His determination “to excavate the sounds of our Armenian folk music from our historical ruins” aimed to prove to the world that the Armenian people possessed its own unique music and culture; and therefore, it was a nation that had its unique identity, hence the right to be recognized as an independent nation. Thanks to his extraordinary talent, Komitas successfully captured the hearts of his audience with his songs, and their minds with his lectures, thus making foreign experts acknowledge the existence of a unique and beautiful Armenian music, and, in the words of German musicologist Max Seiffert, that of a “high civilization” whose presence they had so far ignored.
Komitas’ search for a national musical identity went beyond the collection of traditional songs, their analysis and classification. While arranging the traditional monodic material, he incessantly looked for a harmonization that would preserve its original character. In a letter to Marguerite Babayan dated 1907, Komitas explains his approach: “Armenian melodies as well as their expression require the simplest possible harmonization, which is very difficult to do. Moreover, we, Armenians, must first create a national idiom, and only then confidently move forward. So far, I have been influenced by others and only now am I starting to harmonize Armenian melodies with an appropriate style. When I feel perfectly immersed in the sounds of Armenian music, I write, and create something that’s suitable to the spirit of our music. But there are times when my imagination unwillingly wanders to a sphere that’s not Armenian. Nevertheless, I shall reach my goal, even if it costs me my life”. Richard Schmidt, his teacher in Germany, once had said “Komitas is an Eastern fanatic who is willing to spill blood for each note”.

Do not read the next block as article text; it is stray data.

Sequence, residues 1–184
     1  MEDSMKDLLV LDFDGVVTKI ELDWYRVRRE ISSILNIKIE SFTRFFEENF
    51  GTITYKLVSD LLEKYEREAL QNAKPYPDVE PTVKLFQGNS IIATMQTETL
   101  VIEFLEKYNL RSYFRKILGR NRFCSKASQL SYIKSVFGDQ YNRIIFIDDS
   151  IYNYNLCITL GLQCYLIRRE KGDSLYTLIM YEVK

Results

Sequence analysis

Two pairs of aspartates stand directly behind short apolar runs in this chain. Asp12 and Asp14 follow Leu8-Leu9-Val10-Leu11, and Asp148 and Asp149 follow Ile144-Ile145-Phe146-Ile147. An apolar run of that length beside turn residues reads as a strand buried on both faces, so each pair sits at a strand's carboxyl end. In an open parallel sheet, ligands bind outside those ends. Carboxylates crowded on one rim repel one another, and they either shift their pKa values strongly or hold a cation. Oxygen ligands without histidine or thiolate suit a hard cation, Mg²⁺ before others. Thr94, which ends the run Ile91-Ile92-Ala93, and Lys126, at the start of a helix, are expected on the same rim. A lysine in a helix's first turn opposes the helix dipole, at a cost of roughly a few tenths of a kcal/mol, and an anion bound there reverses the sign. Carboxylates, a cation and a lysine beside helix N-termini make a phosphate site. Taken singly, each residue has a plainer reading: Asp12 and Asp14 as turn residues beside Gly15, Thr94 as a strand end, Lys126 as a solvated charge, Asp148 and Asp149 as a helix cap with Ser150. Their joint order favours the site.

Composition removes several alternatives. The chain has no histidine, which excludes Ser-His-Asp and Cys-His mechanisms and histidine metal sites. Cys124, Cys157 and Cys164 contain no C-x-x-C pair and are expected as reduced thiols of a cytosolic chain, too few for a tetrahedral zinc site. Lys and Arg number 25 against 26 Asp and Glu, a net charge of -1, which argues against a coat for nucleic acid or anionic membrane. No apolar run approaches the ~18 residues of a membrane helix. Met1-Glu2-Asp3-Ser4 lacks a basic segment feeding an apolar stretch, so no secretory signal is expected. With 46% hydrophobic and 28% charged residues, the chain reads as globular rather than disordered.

Paradoxically, the desire to preserve a millennial musical style would be the impetus for a modernist compositional language. Komitas the progressive composer has often been overshadowed by the saviour of Armenian traditional music, but recent research has taken a more balanced approach. The composer’s experimentation with innovative harmonies and rhythm dates back to his years in Etchmiadzin, while setting traditional songs for choir. According to musicologist Tatevik Shakhkulyan, those harmonies and rhythms have so far not been found in the works of other contemporary composers, thus excluding foreign influence (Tatevik Shakhkulyan, Komitas and the XX Century Western Music, in Komitas Museum-Institute 2016 Yearbook).
Composer Tigran Mansurian brings to our attention the innovative use of the piano in Komitas’ suite of Armenian Dances: rather than adapt Armenian melodies to the rich pianistic style that was common at the turn of the century, it is the piano, an essentially western instrument that is made to imitate the sounds of Armenian traditional instruments such as the tar, tambourine and dhol among others, a novelty at the time. In a televised interview, Tatevik Shakhkulyan explains that while Armenians recognize their traditional tunes in Komitas’ work, the non-Armenian listener simply perceives it as modern music.
It is interesting to note that in spite of his exposure to Russian music (during the Etchmiadzin years), German music (during the 3 years of study in Berlin), and French music (during the numerous trips to Paris where he studied the works of contemporary avant-garde composers), Komitas’ work has its own distinctive sound, without betraying foreign influence – and that’s where lies the greatness of Komitas the composer.
While the World War I and the Armenian genocide put an abrupt end to the stellar ascent of this talented and admired musician, his work continued to arouse interest among Russian musicians since the Soviet period. More recently, classical musicians specializing in Early Music are discovering Armenian medieval and folk music in general, and Komitas in particular and including them in their repertoire (see: Alyssa Mathias, “Programming Armenian Folk Music in United States and Western European Early Music Ensembles”, in Komitas Museum-Institute 2016 Yearbook).
Building on this momentum would allow Armenians to once again bring Komitas to the attention of foreign audiences in creative ways, through the medium of “Word Music”, “Early Music”, or even “Avant-garde Music” in addition to the more conventional “Classical Music”. As western audiences grow more diverse and look for novel concert experiences, a well planned and innovative program including Komitas may be just what they wish to explore. And some well-known Toronto based Armenian musicians will be doing just that in the months and year to come. More about them later…